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Gregsgs
crown moulding

Can you tell me why when putting up crown mouldins you say to put the moulding in upside down, putting the top on the table base. I would think this would cause problems with wrong cuts. Please let me no i am going to start a large moulding job and never heard of this.

Thank You
Greg J

Sombreuil_mongrel
Re: crown moulding

You position the molding upside down in the chop saw because it is a lot easier to hold it that way. It fits in the corner formed by the saw fence and table. If you have a compound saw, you can cut the molding laying flat on the table by using the specific positions (30.4 and 38 degrees) on the angle scale, Most better chop saws have these angles marked and many have detents for them.
There's even an article here featuring our beloved Norm (all hail Norm)
http://www.thisoldhouse.com/toh/asktoh/question/0%2C%2C649986%2C00.html
Casey

A. Spruce
Re: crown moulding

It will become self evident when you start trying to cut your crown why it is put in the saw in a certain manner. Orientation in the saw will depend on whether you're cutting an inside or outside corner.

What I recommend you do is forget about right side up, upside down, backwards, and every other direction and start by cutting yourself some template blocks for an inside and an outside corner. The template blocks will remove ALL of the guess work out of the equation, making it impossible for you to make a wrong cut. Once the templates are cut, mark them as to being an inside left, inside right, outside left, or an outside right.

And because the written word is harder to understand than pictures and videos, I would recommend you look at YouTube for some vids on the subject for clarification.

Also, you may want to consider coping your inside corners because they have less of a tendency to open up with expansion/contraction.

jkirk
Re: crown moulding

the upside down and backwards method works for saws that arent dual compound mitre saws.. by having it upside down and backwards you merely have to set the saw to 45 degrees on the mitre. on a dual compound mitre saw crown can be cut on the flat.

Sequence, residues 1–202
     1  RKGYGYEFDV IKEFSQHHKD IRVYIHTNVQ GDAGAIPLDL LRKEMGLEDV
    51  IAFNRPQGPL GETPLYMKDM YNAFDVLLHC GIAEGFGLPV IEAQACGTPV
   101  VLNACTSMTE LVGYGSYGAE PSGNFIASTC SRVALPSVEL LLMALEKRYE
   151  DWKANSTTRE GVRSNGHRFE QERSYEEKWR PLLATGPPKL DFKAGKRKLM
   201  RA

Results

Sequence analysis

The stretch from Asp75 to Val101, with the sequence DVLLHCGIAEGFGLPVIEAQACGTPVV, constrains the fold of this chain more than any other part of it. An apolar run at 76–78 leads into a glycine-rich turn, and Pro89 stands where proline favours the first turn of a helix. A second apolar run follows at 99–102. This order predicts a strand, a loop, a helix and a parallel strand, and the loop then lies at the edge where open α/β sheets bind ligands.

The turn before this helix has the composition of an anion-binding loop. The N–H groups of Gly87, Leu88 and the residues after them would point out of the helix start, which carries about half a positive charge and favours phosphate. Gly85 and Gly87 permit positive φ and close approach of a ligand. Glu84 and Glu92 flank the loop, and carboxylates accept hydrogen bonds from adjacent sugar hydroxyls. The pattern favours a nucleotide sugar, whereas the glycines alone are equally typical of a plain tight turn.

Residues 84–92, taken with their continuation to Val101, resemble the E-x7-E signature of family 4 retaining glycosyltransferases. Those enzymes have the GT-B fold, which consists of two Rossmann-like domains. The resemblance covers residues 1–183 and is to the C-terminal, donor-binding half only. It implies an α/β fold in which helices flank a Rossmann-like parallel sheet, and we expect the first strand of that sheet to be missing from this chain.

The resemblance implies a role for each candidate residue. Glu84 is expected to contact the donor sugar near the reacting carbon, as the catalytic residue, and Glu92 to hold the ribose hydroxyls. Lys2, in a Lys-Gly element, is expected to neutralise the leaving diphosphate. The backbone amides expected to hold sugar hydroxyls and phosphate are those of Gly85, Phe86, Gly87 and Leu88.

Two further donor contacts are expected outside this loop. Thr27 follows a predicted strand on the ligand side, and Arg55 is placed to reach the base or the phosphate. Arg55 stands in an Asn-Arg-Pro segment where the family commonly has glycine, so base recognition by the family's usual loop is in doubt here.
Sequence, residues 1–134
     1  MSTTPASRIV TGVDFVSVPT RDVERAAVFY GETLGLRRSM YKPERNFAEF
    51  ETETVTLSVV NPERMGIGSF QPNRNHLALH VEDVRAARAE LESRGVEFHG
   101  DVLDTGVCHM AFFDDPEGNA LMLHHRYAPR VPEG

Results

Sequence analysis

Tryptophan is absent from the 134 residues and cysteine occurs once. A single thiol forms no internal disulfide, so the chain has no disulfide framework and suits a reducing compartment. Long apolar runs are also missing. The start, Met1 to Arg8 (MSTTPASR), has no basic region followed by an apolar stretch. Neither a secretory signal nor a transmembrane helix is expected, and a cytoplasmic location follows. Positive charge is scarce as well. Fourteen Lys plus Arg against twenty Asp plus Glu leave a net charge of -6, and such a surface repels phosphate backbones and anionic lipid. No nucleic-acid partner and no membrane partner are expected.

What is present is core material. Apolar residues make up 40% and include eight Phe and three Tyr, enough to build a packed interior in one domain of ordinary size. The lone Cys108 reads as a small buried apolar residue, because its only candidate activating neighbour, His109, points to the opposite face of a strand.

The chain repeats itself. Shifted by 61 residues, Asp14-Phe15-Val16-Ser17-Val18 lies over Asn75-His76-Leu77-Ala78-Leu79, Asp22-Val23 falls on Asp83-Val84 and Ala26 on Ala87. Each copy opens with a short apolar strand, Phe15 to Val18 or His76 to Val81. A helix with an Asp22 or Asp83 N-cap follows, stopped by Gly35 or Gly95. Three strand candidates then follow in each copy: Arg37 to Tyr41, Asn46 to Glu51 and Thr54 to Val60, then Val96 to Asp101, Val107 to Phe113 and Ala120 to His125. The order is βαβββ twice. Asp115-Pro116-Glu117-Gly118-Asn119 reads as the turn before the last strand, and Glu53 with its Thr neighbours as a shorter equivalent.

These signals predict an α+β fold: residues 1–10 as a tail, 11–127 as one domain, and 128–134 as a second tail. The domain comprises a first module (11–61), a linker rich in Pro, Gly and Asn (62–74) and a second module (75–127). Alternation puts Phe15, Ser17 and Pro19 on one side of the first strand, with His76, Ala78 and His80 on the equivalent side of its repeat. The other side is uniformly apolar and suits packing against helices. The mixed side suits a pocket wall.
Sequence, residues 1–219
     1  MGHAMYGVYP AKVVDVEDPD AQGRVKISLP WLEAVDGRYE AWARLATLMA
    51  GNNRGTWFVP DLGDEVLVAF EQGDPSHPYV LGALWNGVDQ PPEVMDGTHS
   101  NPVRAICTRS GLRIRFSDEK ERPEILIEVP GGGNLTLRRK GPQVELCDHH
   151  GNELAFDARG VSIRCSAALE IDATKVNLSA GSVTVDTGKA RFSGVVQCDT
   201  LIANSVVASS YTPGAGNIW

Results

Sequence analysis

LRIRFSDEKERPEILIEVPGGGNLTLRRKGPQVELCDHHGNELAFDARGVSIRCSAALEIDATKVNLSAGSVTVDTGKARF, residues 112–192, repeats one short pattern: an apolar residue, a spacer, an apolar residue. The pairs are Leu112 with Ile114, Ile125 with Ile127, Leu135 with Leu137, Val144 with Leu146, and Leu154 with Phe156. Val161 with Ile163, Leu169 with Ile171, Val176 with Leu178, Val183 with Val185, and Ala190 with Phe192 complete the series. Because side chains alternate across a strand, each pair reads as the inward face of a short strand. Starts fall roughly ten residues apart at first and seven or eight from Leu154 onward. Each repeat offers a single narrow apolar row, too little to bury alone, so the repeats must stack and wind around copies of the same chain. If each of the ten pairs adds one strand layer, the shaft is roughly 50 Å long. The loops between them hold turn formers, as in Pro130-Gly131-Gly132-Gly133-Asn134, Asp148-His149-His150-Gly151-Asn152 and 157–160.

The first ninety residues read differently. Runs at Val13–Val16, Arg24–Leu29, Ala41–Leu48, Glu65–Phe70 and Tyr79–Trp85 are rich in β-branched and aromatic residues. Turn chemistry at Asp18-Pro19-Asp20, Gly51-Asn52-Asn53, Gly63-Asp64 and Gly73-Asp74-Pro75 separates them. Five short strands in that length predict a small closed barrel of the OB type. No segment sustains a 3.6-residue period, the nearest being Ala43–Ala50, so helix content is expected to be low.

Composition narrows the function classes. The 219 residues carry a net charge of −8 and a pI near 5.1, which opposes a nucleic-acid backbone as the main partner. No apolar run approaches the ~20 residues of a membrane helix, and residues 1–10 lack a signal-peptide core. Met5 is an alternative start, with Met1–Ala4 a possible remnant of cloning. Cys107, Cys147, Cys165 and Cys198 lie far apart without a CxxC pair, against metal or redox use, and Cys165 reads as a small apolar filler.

some trim carpenters swear by the upside down and backwards method, others swear by cutting it on the flat. its just a matter of what your taught and feel most comfortable with

Mastercarpentry
Re: crown moulding
jkirk wrote:

the upside down and backwards method works for saws that arent dual compound mitre saws.. by having it upside down and backwards you merely have to set the saw to 45 degrees on the mitre. on a dual compound mitre saw crown can be cut on the flat.

some trim carpenters swear by the upside down and backwards method, others swear by cutting it on the flat. its just a matter of what your taught and feel most comfortable with

I do this both ways, depending on the size and type of saw as well as the size of the molding. A smaller saw or too-wide molding may not allow the upside-down method so you have to cut flat. It's good to learn both ways. Some saws have accessory "Crown Stops" which hold the molding in the bed consistently, or you can just get it right through trial and error and draw a line where it's right.

Don't let it intimidate you- crown molding isn't really that hard to do as long as you're only dealing with 90 degree corners and measure carefully- it's when other variables are involved that it gets a bit tricky. Cut all your long pieces first and fit them. If you get one too short you can cut it down to fit a smaller run without any loss of lumber.

Phil

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